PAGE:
Sunday, March 15, 2009

Yesterday

a day of Australian anthems. Songs we grew up on or, for those in my loose age group, songs that grew up on us. Twin twelve hour concerts—Sydney, Melbourne—under the banner Sound Relief. Proceeds from the Melbourne one going to help victims of the Victorian bushfires, those from the Sydney concert shared between victims of the bushfire & the recent Queensland floods.

Two cable channels, one for each show. Occasional feeds from the other in the changeovers between groups. Mainly homegrown talent—allowing for the fact that the music industry here, like show business & sports, claims New Zealanders as their own—with a couple of overseas groups, Coldplay & Kings of Leon, both of whom are touring here at present, thrown into the mix. Two groups—Jet & Wolfmother—did both venues. & even though there were a few band reformations, not the normal nostalgia concert routine of aged rockers being fed glucosamine & adrenaline & sent on stage to supplement their old age pensions. Everybody, with one notable exception, still in the music business.

Sydney the more poppier concert. Coldplay to open, the close a saccharin duet by Barry Gibbs & Olivia Newton-John, Islands in the Stream, a Bee Gees song originally intended for Marvin Gaye, but taken to #1 by Kenny Rodgers & Dolly Parton.

Melbourne a bit more rock-oriented. Jet opened the concert & then flew to Sydney to perform again. A couple of recently reformed groups, & some groups reformed especially for this occasion. Great to see the Finns back in their various formats—Split Enz, Crowded House—& great to see Neil's son Liam who just might be the greatest drummer I have ever laid eyes on.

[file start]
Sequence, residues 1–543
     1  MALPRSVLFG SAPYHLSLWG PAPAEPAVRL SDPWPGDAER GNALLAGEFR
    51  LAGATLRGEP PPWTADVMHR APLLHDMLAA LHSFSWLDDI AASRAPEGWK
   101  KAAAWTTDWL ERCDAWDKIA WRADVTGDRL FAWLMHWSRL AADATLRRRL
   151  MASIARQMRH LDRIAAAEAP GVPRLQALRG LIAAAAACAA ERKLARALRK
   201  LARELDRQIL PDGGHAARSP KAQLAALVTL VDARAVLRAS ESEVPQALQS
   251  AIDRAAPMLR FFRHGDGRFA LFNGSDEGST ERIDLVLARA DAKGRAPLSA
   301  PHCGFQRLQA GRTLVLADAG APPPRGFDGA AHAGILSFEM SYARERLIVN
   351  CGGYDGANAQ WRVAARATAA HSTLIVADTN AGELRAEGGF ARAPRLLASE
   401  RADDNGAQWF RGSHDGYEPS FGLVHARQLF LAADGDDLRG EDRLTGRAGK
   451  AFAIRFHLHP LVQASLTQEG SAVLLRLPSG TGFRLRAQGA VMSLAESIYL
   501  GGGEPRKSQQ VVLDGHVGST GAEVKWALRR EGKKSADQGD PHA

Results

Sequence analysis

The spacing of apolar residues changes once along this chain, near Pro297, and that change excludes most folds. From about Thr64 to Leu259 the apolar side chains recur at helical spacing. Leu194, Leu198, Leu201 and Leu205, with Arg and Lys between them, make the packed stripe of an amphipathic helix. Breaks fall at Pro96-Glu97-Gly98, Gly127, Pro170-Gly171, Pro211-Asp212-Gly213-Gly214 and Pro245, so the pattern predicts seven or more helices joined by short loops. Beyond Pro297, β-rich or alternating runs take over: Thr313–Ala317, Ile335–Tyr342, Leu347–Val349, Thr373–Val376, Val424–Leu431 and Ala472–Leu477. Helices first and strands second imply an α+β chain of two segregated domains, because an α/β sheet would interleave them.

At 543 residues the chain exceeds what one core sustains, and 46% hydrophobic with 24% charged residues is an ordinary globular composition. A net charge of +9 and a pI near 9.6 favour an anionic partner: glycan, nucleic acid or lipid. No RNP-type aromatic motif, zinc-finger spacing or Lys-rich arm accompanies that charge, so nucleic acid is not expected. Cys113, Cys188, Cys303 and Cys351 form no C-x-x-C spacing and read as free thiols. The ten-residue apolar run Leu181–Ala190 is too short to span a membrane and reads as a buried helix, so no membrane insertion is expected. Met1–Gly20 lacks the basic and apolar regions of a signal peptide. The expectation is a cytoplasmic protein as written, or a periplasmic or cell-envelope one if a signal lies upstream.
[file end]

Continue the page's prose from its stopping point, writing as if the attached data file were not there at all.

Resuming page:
& to close the show, the Minister for Environment, Heritage and the Arts in the current Australian Federal Government being more political than he has since going into Politics. Mick Jagger strutting his stuff even at peak form has nothing on Peter Garrett in full flight. Midnight Oil came together for the second time in the last ten years—the other was for a Tsunami Relief concert about five years ago—with only the briefest of rehearsals, two short gigs just across the road from Parliament House in Canberra on Thursday & Friday.

They're still the greatest rock band in the country. My only regret, listening to the lyrics & bearing in mind Garrett's current job, is that it's easier to sing about change than to enact it.

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